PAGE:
Title component: Not many candidates know the difference between “CV” and a “Resume”. That discussion is outside the scope of this article. Name should be in block letters and in bold font, followed by the contact number an email address. Essentially, the idea is to provide details in decreasing order of importance. While writing the address, ensure that the current address is written (permanent address is mentioned later on in the CV).
Professional Summary: As the name suggests, this is a summary of the work experience of the candidate. Companies, sectors/industries, designations, etc. are mentioned. A recruiter can get a fair idea about the candidate’s work experience when he goes through this summary. The ‘career objective’ can be clubbed with this, keeping in mind the length of the CV. ‘Seeking a change’ is at the discretion of the candidate – whether to include it or not.
Work Experience: Always mention your work experience in a chronological order. Start with your current/latest company. Designations and Duration of employment are a must. This can work in candidate’s favor; if he hasn’t changed too many jobs – it can be seen as a sign of job stability. The ‘Key Responsibilities’ should not be a mere copy of the Job Description. ‘Achievements’ should be followed by the year of accomplishment.
Skills/Technical Competencies/Certifications/Workshops: Acquired/learnt skills must be mentioned, if they are not highlighted in the “Key Responsibilities”. Especially useful if a candidate has acquired a wide range of skills but has not been able to utilize them. Additional certifications or software/packages learnt during the course of employment or otherwise should be mentioned. Everyone likes a candidate who is familiar with the systems on which a company work on, and is ready to utilize them right from Day One. For an HR professional, a certification/workshop (like L&D role, or competency mapping) can carry a lot of weightage.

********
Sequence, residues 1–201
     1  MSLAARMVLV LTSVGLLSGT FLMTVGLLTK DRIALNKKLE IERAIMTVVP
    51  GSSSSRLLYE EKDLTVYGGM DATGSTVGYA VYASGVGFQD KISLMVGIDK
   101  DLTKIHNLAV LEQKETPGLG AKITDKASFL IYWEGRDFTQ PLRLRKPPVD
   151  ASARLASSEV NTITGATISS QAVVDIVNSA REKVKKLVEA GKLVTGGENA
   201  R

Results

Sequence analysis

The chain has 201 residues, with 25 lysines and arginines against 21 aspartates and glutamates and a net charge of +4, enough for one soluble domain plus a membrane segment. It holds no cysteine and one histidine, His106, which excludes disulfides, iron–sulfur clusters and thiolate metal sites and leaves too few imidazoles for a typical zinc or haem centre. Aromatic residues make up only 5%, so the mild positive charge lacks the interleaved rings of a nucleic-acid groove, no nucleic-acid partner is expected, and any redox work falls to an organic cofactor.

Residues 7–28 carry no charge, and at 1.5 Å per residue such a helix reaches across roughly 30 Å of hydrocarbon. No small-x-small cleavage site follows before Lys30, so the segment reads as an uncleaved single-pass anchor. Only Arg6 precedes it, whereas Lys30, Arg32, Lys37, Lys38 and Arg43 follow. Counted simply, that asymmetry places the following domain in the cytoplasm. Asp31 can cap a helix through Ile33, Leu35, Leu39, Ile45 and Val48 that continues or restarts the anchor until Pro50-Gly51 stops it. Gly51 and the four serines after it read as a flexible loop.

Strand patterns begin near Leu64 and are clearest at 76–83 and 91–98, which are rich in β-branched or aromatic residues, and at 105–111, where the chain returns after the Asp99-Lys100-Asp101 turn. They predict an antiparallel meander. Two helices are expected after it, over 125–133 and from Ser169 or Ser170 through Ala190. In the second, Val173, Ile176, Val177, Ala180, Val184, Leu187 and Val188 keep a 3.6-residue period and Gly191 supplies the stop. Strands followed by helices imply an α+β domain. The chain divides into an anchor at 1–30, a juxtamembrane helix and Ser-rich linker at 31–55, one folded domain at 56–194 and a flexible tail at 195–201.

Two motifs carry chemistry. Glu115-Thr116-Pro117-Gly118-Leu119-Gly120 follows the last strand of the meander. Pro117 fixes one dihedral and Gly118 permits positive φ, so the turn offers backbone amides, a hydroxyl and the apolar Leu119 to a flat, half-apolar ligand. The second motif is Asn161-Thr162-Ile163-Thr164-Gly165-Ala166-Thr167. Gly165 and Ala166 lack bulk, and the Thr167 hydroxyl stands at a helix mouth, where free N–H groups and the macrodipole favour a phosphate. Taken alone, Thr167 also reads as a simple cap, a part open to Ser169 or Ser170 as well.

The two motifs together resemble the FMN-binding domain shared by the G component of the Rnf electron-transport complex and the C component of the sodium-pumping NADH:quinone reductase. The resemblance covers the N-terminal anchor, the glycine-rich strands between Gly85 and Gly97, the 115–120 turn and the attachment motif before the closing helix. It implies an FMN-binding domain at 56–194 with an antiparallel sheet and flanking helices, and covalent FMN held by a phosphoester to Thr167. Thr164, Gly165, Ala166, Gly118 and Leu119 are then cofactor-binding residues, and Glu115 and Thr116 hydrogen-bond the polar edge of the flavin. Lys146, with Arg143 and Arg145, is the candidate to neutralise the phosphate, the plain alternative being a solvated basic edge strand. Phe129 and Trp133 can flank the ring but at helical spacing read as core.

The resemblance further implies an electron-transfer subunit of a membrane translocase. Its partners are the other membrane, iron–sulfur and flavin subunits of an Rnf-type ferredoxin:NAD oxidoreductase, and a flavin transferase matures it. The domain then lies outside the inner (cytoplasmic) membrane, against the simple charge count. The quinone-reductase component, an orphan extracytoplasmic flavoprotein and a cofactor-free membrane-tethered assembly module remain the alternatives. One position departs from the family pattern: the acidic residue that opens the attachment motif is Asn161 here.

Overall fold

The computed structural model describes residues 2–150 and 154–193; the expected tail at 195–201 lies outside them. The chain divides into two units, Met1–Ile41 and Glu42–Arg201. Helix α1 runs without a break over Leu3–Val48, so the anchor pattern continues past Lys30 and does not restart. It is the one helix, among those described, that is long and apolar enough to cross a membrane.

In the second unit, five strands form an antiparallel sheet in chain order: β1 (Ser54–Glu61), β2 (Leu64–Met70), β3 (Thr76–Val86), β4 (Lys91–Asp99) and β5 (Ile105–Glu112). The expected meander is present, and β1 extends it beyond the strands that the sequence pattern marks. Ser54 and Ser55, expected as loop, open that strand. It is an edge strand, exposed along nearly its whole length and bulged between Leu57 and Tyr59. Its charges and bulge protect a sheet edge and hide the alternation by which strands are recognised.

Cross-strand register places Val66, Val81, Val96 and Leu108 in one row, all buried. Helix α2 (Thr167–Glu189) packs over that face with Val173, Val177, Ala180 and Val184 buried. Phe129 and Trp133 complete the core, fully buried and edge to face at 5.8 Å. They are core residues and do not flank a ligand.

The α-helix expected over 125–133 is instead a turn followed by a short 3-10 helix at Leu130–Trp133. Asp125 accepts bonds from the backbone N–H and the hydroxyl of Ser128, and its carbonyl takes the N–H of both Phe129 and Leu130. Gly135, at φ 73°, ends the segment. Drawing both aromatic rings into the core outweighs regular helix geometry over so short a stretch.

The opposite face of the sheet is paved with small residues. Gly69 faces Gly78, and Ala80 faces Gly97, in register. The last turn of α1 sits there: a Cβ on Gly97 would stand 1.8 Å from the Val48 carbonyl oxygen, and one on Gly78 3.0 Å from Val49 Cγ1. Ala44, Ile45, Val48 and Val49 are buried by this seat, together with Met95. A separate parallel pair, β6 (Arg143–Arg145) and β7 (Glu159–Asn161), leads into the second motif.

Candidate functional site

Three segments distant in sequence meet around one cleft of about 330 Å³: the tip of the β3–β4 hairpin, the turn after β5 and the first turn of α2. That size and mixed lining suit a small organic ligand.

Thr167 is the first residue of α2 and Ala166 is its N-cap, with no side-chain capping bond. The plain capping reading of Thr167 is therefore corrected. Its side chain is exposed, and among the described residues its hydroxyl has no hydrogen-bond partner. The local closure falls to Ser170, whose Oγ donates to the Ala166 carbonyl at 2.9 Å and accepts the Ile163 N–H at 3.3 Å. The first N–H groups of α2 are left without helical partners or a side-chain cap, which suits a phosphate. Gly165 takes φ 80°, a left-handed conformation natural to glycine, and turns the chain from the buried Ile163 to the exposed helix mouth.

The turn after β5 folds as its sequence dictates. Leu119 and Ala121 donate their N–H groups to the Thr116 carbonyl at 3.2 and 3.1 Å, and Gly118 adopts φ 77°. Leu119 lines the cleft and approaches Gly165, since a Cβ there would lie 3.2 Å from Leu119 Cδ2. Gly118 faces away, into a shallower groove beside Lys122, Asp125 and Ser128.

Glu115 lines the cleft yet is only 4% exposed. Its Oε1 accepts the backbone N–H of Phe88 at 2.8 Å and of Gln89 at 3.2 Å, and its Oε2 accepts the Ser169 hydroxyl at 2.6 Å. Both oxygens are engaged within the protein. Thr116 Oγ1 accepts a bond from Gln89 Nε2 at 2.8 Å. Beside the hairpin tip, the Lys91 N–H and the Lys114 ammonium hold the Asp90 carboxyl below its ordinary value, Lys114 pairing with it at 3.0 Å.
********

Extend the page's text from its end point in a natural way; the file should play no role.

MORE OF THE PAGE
Education qualification: Necessary part of any CV. Specialization should be clarified, wherever applicable. It is not very crucial to mention the grade or percentage, if the work experience is exceeding 10 years or so. The block of ‘Academic Achievements’ is intentionally excluded since they don’t carry much weight for a professional with 5+ years of work experience.
Projects Undertaken: If a candidate feels that his responsibilities and achievements aren’t really significant, they can highlight the projects they have worked on during their student or professional life. This gives an impression that the candidate indulges into something which is more than the mandatory. Projects pertaining to HR functions will draw attention (if work experience is less than 5 years).
Extra-curricular activities/Hobbies: One of the most underrated components of the resume – by candidates and recruiters alike. But, an experienced recruiter might want to check/learn what drives a candidate, what are his passions, and to what extent is he engaged in a hobby. Mention only those activities in which you regularly engage and are aware about. If you are an avid reader of magazines like HBR, People Matters, etc. – mention them without fail.
Personal Details: Some necessary details which are a ‘must-have’ for every CV. Ensure that you clearly differentiate the temporary and permanent address, if they are not the same.
References: If the individuals who are willing to vouch for the candidate are very influential or at a reputed position/company, then the candidate can opt for mentioning them in the CV. But, the common practice now-a-days is to not provide references until requested by the recruiter.